Criminals have developed a new strategy to access computers that has proven surprisingly effective. Scareware. Designed to look like legitimate ‘protection’ software, scareware delivers a false alert, informing users that their computer has an infection or problem, and that they should install a program to help. Ironically, the “helper” program is itself a trojan, carrying software designed to spy on users, install other malware, assist with identity theft, or even give full control of a computer to someone overseas. Some estimate that over one million computer users each day are being tricked into downloading this new breed of malware.
Many free and consumer oriented security software packages are ill-equipped to deal with these new threats. Often the first thing the scareware does is to disable any existing security software on the target computer. Some of the more aggressive software solutions sometimes use so much of a computer’s resources that they may slow down a computer to the point of utter annoyance.
Even experienced users might accidentally allow something to run that looks safe. Many scareware packages look just like regular system updates, and since contemporary operating systems “cry wolf” so often, many people have gotten used to hitting that accept button without a second glance.
Sometimes these false alarms will look very much like a real threat. The image at right for example – totally fake. It looks like a Windows firewall notification, but it isn’t. If you are browsing the web and come across something that looks something like this, our team recommends that you immediately close your browser and all browser windows. If a website is recommending that you install something to protect your computer, or is suggesting that you might be infected with something, keep your guard up, and don’t install anything unless you are certain of where it came from, especially security software. Security experts also recommend that users operate systems with a “standard user” account, logging in as an administrator only when they need to install something. This simple step can significantly slow down attacks because it makes it much harder for new software to be installed.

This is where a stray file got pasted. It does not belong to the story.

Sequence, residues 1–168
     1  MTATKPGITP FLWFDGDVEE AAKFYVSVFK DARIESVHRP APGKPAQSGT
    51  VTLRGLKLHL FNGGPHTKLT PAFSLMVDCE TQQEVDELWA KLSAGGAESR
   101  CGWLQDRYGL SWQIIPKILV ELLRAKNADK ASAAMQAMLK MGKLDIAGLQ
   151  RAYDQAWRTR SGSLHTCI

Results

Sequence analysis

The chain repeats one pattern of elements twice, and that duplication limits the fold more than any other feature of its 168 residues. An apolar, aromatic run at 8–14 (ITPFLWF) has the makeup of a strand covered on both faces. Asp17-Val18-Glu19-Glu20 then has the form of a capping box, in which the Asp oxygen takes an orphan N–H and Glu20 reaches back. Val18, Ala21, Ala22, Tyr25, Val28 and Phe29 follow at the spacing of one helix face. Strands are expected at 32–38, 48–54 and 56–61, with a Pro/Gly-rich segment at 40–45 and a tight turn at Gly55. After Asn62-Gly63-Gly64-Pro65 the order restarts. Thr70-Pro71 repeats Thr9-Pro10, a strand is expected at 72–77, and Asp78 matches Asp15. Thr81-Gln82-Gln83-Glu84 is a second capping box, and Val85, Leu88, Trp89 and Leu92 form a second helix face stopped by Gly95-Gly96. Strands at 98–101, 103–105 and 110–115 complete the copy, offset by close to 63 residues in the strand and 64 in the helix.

Because scareware looks so real, eliminating the ability for this kind of malware to ever present itself to users has proven to be the most effective way to keep it at bay. Large corporations following industry best practices typically deploy a hardware appliance that sits between an office network and the internet to keep anything malicious from getting near data and productive employees. Unfortunately, these solutions can cost thousands, and usually a combination of several is necessary to address different varieties of technology risk.
To protect small and medium businesses from scareware and other threats, we have worked hard to bring our customers the Grizzly Secure Gateway. It provides ‘just in time’ network defense from all kinds of internet attacks, including scareware, and updates several times each day to make sure the entire office is as productive as possible. Let us know if you have any questions, or take the time to learn more about how Grizzly can protect productivity for your company.